Oddly enough, since what I’m about to advocate may sound like more centralized control, the Agile approach is on the right track. and yet the solution itself comes from the very old school: programmatic appropriations and PPBES (the Planning, Programming, Budgeting and Execution System).  Much of our current dilemma comes from trying to manage line items at the most centralized level. I could get behind that if the idea was to optimize the overall outcome. That’s not the case: it’s done to facilitate shuffling the micro-details around in an effort to make the numbers come out exactly, and in the process losing all sight of the impacts on actual outcomes.

How would a programmatic approach help?  Stop moving money between programs unless it is absolutely necessary.  Any effective program manager (and the government does have thousands of these, not to mention tens of thousands of equally-competent contract support staff)  knows what contracts have to award by when, and when packages must be turned in to make a timely award possible. They are also quite capable of detecting when a contracting office is likely to fail to deliver its end of the bargain in a reasonably timely manner. Given all that, they are also able to decide when to shift gears, either adjust the program’s delivery plans to accelerate or slow down specific contracts to accommodate what is feasible, or possibly to change the entire solution approach if it appears that funding or contact actions will not be available in the necessary time-frame. The program still has to account for its spend rates, but the PM isn’t wasting time sitting around in meetings discussing every other program’s spending.

This approach doesn’t undermine the enterprise’s need to manage priorities: those needs should have been made clear in the initial assignment of objectives and funding at the enterprise level. Constant reshuffling of specific funding and actions between programs effectively takes the prioritization back out of the hands of the governance committees and places it at the whim of fate, represented in this case by the ability of junior functionaries to carry out their tasks in a timely manner.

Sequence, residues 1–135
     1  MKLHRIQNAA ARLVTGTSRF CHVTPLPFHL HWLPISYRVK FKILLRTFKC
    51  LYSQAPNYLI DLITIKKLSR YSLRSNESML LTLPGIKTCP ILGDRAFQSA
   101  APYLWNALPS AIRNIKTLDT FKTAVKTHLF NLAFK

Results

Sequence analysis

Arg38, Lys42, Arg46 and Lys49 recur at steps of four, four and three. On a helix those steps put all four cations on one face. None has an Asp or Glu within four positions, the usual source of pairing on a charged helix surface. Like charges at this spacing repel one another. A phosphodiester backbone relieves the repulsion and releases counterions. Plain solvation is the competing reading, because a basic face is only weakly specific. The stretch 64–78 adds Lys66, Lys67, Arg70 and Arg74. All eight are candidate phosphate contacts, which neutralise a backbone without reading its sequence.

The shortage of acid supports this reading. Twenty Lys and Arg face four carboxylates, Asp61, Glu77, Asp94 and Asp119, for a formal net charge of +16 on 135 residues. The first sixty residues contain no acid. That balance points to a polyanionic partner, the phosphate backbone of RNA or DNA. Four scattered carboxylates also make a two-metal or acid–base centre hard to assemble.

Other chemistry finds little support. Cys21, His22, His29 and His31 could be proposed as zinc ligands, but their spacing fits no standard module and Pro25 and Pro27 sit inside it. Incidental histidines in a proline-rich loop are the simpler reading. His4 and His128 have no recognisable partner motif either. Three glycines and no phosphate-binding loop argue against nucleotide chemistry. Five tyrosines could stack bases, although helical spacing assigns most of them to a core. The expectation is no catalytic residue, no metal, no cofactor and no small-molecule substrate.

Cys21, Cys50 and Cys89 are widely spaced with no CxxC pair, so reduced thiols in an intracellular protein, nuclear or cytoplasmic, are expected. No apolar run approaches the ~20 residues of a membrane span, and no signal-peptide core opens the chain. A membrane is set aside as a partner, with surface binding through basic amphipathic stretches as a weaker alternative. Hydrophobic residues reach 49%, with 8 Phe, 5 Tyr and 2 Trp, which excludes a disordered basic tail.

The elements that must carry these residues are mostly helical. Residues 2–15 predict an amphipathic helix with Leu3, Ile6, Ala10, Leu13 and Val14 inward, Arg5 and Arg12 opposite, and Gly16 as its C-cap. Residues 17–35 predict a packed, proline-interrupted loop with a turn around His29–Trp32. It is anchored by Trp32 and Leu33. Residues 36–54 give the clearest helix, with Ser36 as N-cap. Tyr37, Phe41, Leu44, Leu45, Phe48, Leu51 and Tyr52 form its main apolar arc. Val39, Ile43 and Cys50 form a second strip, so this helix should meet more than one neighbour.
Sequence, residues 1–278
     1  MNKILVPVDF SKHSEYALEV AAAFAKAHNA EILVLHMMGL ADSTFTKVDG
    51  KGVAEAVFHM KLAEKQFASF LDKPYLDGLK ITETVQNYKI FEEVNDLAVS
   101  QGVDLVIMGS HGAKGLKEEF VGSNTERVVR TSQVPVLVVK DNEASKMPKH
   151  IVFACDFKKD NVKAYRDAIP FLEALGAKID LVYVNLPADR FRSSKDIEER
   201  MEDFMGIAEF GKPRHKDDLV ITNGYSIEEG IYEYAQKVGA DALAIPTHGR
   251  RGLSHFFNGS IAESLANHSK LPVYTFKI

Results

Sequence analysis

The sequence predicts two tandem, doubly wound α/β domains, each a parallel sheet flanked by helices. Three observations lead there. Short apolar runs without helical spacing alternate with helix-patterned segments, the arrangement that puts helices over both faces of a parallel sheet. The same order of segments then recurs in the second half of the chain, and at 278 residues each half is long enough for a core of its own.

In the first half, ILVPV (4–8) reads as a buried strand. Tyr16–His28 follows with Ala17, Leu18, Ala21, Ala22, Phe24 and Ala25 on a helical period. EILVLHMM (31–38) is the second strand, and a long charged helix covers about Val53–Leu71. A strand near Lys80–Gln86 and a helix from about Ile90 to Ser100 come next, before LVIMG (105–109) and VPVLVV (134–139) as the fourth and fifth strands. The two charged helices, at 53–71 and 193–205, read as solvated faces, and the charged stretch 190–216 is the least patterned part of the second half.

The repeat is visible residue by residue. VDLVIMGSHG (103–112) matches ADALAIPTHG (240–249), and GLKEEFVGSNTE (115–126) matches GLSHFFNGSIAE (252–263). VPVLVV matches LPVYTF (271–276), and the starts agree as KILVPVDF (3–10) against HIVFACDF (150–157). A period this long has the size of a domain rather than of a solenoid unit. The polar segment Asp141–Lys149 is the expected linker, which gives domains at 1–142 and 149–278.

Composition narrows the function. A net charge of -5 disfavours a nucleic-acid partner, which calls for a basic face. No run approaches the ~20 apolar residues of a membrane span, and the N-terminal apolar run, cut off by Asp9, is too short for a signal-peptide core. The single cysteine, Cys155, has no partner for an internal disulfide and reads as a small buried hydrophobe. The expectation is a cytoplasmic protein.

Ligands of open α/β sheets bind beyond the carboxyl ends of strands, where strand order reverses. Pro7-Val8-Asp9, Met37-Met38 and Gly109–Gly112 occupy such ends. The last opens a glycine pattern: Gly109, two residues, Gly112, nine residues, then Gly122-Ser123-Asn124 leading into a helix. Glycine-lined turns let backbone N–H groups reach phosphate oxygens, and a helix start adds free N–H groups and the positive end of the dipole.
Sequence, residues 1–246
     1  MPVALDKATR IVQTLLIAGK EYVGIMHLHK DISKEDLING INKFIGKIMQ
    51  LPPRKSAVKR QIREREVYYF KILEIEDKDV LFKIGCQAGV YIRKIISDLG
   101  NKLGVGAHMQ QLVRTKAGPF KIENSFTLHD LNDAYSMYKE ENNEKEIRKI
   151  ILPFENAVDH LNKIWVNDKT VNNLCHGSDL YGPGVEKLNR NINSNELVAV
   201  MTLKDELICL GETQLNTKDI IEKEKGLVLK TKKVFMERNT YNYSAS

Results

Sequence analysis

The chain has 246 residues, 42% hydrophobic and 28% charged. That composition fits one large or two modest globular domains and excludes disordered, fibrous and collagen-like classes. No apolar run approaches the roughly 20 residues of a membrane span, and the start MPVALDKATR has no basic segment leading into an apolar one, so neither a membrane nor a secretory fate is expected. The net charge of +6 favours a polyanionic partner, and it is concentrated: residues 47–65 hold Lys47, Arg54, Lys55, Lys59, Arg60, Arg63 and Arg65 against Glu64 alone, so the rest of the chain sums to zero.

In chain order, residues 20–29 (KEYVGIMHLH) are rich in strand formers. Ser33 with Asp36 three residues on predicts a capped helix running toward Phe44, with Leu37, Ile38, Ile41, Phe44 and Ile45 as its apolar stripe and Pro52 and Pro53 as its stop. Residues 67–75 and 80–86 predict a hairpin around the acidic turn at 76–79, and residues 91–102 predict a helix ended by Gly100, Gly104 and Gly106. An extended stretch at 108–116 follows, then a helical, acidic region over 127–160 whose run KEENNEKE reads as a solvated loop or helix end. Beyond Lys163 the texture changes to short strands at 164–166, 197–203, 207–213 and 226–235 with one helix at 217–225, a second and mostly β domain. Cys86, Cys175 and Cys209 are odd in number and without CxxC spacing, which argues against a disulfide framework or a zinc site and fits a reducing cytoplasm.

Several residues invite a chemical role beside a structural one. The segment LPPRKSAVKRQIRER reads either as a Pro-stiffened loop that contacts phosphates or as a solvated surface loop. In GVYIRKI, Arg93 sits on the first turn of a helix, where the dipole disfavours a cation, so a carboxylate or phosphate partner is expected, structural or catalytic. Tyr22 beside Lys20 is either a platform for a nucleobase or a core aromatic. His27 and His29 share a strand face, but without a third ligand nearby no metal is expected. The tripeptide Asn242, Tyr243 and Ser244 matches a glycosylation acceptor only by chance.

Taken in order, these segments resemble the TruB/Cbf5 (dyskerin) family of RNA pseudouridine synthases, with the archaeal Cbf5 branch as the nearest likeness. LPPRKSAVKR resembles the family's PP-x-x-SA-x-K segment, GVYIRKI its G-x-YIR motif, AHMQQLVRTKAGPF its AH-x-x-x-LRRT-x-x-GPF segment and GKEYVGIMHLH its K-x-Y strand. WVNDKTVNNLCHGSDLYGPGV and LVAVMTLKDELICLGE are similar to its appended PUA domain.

As a stop-gap measure, the enterprise will always want to have in reserve the funds for a couple of programs with some rapidly scalable and somewhat discretionary expenses that can be executed in almost no time through direct orders (for the IT people, think “laptop refreshment”). Given that ability to exercise fine-tuning towards the close of a fiscal year, by focusing on a programmatic level rather than specific actions the organization can provide a relatively stable financial and requirement environment. That would permit the governance boards and the program managers to focus on coordinating cross-program dependencies and making sure that the investments deliver value.

I’ve put together a book on how an organization can structure its programs and projects to deliver more reliably in a chaotic environment. It’s free! You can get to it here.

Thanks, as always for entertaining my ideas. It often happens that I’m going in the wrong direction, or that I overlooked a key point.  Please feel free to enter a reply below!

Douglas Brown
PhD, PgMP, LSS Master Black Belt, RTBMA